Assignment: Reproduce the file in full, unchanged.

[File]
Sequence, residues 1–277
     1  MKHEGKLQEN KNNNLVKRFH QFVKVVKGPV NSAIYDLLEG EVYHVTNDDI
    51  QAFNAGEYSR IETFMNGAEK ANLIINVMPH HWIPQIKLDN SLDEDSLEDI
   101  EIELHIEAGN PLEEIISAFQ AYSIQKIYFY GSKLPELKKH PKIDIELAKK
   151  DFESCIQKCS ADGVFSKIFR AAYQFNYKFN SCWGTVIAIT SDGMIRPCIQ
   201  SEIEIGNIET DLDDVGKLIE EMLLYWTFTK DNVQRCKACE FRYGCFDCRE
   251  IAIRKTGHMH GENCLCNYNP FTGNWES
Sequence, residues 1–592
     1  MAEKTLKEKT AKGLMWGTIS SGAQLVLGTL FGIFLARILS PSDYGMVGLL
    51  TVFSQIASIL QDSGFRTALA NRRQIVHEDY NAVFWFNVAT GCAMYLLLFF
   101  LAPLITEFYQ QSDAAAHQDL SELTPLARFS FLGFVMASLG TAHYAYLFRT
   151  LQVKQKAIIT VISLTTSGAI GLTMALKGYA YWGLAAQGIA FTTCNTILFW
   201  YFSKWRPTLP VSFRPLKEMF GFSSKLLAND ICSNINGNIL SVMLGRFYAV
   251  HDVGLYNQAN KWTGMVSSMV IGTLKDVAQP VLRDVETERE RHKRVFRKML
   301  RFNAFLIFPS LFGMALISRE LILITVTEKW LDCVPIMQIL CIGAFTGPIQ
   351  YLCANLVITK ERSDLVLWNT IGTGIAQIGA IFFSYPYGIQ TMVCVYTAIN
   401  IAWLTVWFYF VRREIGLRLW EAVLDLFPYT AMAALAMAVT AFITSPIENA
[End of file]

Sequence, residues 1–277
     1  MKHEGKLQEN KNNNLVKRFH QFVKVVKGPV NSAIYDLLEG EVYHVTNDDI
    51  QAFNAGEYSR IETFMNGAEK ANLIINVMPH HWIPQIKLDN SLDEDSLEDI
   101  EIELHIEAGN PLEEIISAFQ AYSIQKIYFY GSKLPELKKH PKIDIELAKK
   151  DFESCIQKCS ADGVFSKIFR AAYQFNYKFN SCWGTVIAIT SDGMIRPCIQ
   201  SEIEIGNIET DLDDVGKLIE EMLLYWTFTK DNVQRCKACE FRYGCFDCRE
   251  IAIRKTGHMH GENCLCNYNP FTGNWES
Sequence, residues 1–592
     1  MAEKTLKEKT AKGLMWGTIS SGAQLVLGTL FGIFLARILS PSDYGMVGLL
    51  TVFSQIASIL QDSGFRTALA NRRQIVHEDY NAVFWFNVAT GCAMYLLLFF
   101  LAPLITEFYQ QSDAAAHQDL SELTPLARFS FLGFVMASLG TAHYAYLFRT
   151  LQVKQKAIIT VISLTTSGAI GLTMALKGYA YWGLAAQGIA FTTCNTILFW
   201  YFSKWRPTLP VSFRPLKEMF GFSSKLLAND ICSNINGNIL SVMLGRFYAV
   251  HDVGLYNQAN KWTGMVSSMV IGTLKDVAQP VLRDVETERE RHKRVFRKML
   301  RFNAFLIFPS LFGMALISRE LILITVTEKW LDCVPIMQIL CIGAFTGPIQ
   351  YLCANLVITK ERSDLVLWNT IGTGIAQIGA IFFSYPYGIQ TMVCVYTAIN
   401  IAWLTVWFYF VRREIGLRLW EAVLDLFPYT AMAALAMAVT AFITSPIENA